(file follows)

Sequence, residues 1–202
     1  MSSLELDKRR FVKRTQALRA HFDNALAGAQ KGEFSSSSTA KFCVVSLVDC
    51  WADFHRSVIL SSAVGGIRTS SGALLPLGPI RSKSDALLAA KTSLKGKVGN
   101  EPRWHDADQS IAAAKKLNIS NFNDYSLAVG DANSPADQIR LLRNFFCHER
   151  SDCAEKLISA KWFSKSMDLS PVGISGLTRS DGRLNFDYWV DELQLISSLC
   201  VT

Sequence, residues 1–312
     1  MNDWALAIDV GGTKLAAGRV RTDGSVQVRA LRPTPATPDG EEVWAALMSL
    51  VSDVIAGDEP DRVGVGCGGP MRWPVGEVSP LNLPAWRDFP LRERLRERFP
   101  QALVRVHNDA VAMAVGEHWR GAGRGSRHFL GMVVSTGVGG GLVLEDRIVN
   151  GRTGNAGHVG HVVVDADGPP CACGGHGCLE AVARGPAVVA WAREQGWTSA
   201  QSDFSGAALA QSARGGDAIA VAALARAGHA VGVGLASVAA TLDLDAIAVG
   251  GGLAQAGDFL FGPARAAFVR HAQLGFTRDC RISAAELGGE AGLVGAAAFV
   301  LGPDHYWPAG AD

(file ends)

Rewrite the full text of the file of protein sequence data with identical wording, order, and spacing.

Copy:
Sequence, residues 1–202
     1  MSSLELDKRR FVKRTQALRA HFDNALAGAQ KGEFSSSSTA KFCVVSLVDC
    51  WADFHRSVIL SSAVGGIRTS SGALLPLGPI RSKSDALLAA KTSLKGKVGN
   101  EPRWHDADQS IAAAKKLNIS NFNDYSLAVG DANSPADQIR LLRNFFCHER
   151  SDCAEKLISA KWFSKSMDLS PVGISGLTRS DGRLNFDYWV DELQLISSLC
   201  VT

Sequence, residues 1–312
     1  MNDWALAIDV GGTKLAAGRV RTDGSVQVRA LRPTPATPDG EEVWAALMSL
    51  VSDVIAGDEP DRVGVGCGGP MRWPVGEVSP LNLPAWRDFP LRERLRERFP
   101  QALVRVHNDA VAMAVGEHWR GAGRGSRHFL GMVVSTGVGG GLVLEDRIVN
   151  GRTGNAGHVG HVVVDADGPP CACGGHGCLE AVARGPAVVA WAREQGWTSA
   201  QSDFSGAALA QSARGGDAIA VAALARAGHA VGVGLASVAA TLDLDAIAVG
   251  GGLAQAGDFL FGPARAAFVR HAQLGFTRDC RISAAELGGE AGLVGAAAFV
   301  LGPDHYWPAG AD